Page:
Quartz remains extremely durable even after some minor pigment fading. The quartz crystals and resin maintain structural integrity to resist chips, cracks, stains, and etches. You don’t need to worry about durability being compromised by typical color change over time.
With that said, it’s still smart to address any excessive fading or spotting issues that occur earlier than expected. Though not a safety hazard, allowing significant fading can detract from appearance and enjoyment of your investment. Consult your installation company promptly about potential manufacturer defects requiring remedy if this occurs.
How to Restore Faded Quartz Countertops
If your quartz counters end up showing more color change than desired after years of use, all hope is not lost. You have a few options to try restoring faded areas or even altering color:
The most effective approach is having countertops professionally honed and polished. This levels out the surface to remove etches and scratches that cause dullness. It also opens up the stone to accept a fresh round of sealing for renewed stain protection. Resurfacing can successfully minimize the appearance of fading.
Reapplication of Sealer
A simpler DIY first step is applying sealers made specifically for quartz. Quality sealers can enhance color and sheen between professional treatments. Be sure to use penetrating sealers formulated for stone rather than topical acrylics.
If aiming to change color more significantly, quartz dye kits are available. This allows you to shift light countertops to a darker tone. However, dyeing to achieve a lighter color is challenging. Completely resurfacing and repolishing may be better for lightening darkened counters.
For severe fading affecting large sections of countertop, replacement may ultimately make the most sense. Fortunately, small-scale local repairs are often feasible if the fading is contained to high-wear zones. Your installer can advise you on options.
With the right care, refreshed sealing, and occasional maintenance, your quartz surfaces can maintain their aesthetic appeal and function for many years before replacement is necessitated. Be attentive to any changes in appearance, avoid excessive sunlight exposure, and follow manufacturer recommendations. With a quality installation, major fading should not be a concern during your countertop’s lifetime.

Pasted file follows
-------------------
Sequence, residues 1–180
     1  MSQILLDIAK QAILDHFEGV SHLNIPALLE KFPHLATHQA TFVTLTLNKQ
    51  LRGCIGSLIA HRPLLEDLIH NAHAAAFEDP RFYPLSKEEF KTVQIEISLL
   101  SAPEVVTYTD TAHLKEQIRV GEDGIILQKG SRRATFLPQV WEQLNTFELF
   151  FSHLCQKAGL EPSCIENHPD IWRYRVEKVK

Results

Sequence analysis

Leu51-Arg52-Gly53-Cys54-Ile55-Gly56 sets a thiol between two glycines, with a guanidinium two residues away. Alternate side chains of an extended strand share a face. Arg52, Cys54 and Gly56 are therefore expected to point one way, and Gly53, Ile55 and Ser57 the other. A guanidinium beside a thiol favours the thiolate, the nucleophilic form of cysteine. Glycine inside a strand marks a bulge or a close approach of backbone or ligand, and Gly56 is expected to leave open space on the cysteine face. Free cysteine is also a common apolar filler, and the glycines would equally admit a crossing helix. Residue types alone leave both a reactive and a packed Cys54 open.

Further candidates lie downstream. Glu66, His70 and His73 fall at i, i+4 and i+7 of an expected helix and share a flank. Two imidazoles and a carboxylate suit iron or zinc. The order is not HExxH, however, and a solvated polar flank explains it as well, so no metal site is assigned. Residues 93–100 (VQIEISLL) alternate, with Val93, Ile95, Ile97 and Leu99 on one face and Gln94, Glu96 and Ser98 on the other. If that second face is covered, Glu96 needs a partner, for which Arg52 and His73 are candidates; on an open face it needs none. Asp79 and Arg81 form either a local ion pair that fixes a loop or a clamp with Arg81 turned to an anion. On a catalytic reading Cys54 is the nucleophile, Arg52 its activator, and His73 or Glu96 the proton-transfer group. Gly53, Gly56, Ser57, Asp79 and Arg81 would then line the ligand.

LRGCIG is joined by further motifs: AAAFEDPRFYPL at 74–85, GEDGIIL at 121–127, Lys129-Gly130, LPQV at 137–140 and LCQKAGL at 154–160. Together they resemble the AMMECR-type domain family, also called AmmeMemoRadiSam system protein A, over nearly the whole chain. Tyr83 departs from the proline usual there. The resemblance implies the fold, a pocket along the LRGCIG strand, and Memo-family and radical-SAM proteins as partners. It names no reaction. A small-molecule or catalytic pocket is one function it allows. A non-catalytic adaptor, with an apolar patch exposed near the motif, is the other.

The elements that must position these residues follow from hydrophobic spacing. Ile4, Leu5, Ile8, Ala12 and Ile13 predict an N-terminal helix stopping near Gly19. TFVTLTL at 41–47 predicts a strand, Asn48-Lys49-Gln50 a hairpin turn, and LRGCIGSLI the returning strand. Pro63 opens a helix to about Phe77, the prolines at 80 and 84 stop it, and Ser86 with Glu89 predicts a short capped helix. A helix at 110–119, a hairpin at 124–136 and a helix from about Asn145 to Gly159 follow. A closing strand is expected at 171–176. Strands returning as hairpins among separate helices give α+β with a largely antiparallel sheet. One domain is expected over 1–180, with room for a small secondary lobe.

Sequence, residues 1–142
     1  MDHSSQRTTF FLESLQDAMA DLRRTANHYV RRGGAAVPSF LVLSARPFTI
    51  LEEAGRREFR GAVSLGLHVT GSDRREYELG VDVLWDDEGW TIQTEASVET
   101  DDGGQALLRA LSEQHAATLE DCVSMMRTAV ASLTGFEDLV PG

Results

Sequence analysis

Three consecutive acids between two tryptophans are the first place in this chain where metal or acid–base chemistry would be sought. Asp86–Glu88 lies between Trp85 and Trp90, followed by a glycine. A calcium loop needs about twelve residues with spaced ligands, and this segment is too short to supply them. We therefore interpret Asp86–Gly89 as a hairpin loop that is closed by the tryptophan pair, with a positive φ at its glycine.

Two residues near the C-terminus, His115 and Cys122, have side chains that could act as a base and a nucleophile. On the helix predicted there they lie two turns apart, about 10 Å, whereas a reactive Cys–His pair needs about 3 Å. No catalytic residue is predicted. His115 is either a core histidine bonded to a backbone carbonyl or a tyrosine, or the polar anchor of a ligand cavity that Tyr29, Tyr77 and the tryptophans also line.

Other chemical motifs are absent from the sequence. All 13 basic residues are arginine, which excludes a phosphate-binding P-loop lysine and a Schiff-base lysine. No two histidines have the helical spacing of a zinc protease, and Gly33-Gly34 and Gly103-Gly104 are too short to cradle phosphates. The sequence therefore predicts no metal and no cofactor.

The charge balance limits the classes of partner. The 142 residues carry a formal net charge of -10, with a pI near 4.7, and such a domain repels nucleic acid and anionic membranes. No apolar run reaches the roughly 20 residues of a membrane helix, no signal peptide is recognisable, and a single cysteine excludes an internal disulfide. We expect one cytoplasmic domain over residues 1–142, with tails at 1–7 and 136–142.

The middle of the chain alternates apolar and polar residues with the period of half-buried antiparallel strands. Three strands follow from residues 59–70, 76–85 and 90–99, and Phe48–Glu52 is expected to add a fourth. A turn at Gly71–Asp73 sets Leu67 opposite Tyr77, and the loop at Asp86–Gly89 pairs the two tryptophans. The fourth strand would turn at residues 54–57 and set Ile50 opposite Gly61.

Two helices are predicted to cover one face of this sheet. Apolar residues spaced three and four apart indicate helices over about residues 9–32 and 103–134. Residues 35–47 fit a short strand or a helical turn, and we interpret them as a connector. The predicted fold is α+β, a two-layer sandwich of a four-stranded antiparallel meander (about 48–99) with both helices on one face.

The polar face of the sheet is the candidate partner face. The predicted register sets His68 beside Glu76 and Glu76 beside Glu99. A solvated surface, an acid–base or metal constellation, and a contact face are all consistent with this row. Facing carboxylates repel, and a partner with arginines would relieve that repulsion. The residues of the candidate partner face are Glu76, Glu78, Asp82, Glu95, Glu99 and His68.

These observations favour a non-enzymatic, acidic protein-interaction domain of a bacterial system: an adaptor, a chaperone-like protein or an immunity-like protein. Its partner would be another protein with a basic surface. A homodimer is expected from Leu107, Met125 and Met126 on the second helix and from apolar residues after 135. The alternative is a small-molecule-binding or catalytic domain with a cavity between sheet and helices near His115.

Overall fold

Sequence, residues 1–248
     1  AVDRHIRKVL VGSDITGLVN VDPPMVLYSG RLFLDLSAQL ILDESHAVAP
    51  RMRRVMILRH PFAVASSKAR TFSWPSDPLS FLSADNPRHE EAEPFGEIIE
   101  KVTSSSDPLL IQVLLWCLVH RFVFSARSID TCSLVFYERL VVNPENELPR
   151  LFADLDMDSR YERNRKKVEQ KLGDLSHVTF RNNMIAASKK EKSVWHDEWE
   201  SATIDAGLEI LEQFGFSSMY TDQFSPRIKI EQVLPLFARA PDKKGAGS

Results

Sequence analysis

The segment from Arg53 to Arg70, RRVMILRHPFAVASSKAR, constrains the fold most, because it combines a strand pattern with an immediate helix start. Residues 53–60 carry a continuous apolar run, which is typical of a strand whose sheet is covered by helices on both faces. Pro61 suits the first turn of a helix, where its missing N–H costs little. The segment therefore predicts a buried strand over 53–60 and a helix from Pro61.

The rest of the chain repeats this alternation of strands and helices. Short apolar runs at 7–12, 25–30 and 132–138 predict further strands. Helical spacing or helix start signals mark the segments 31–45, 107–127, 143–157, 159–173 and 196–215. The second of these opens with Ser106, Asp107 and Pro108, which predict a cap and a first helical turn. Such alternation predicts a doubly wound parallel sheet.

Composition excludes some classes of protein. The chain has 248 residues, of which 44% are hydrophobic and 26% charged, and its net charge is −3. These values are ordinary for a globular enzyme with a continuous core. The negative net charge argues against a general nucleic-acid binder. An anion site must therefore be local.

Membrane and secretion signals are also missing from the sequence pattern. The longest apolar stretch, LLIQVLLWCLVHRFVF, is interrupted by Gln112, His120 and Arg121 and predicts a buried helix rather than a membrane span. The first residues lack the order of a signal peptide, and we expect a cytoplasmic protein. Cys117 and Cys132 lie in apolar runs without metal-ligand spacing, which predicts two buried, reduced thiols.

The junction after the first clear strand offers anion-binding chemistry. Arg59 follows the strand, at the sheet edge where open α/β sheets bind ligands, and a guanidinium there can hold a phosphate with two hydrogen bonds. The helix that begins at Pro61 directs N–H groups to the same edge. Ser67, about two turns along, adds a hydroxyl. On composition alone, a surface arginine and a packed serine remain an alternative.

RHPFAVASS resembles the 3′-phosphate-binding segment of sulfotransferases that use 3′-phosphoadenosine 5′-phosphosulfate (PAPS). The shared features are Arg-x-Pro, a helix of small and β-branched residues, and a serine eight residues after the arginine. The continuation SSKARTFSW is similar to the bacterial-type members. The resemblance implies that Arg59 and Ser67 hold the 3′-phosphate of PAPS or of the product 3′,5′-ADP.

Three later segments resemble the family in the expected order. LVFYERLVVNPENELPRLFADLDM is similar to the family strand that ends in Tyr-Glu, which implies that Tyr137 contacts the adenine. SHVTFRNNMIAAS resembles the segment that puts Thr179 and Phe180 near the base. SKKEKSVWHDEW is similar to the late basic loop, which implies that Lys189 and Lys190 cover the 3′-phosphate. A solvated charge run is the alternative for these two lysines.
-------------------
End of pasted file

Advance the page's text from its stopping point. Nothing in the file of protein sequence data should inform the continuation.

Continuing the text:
Here are answers to some common questions surrounding potential fading issues with quartz countertops:
Does Quartz Fade in Sunlight?
Direct sunlight exposure can contribute to fading of quartz counters over time. UV rays break down pigments, especially in lighter colors. Keeping quartz out of prolonged sun can help minimize fading risk.
Do White Quartz Countertops Turn Yellow?
It is possible for white quartz to develop a yellowish tint after many years. Natural mineral content plays a role. Keeping surfaces sealed and professionally maintained helps whites stay bright.
What Causes Spots on Quartz?
Dark spots can form from spills becoming ingrained before cleanup. Metal marks from cookware or sinks can also occur. Proper sealing and avoiding direct sunlight helps prevent spotting.
What’s Better for Avoiding Fading: Matte or Glossy Finish?
Glossy polished quartz best resists fading and yellowing. The shinier finish allows grime to slide off while matte is more prone to holding dirt that can cause gradual color change.
Will Removing Sealer Cause Quartz to Fade?
No, striping off old sealer will not directly cause fading. But allowing quartz to remain unsealed for prolonged periods makes it vulnerable to staining and sunlight damage which lead to fading.
How Long Until Quartz Countertops Lose Their Shine?
With proper care, quartz can retain its polished sheen for many years. But around the 5-7 year mark, dulling becomes more noticeable. Professional restoration services can successfully renew gloss and color.
While no material is totally immune to aging, high-quality quartz countertops are designed to resist significant fading and discoloration for the long haul. Choosing reputable brands, keeping surfaces sealed, avoiding direct sunlight, and prompt cleaning of spills allows you to enjoy vibrant quartz surfaces for decades. With periodic professional maintenance to remove etching and restore sheen, visible color change should remain minimal.
For homeowners seeking stylish, low maintenance, and durable countertops, quartz remains a top choice that won’t easily fade. Pay attention for any spotting or dullness that develops, and be sure to contact your installer if you notice fading that seems premature or excessive. With reasonable care and periodic upkeep, quartz counters will stay looking radiant in your home.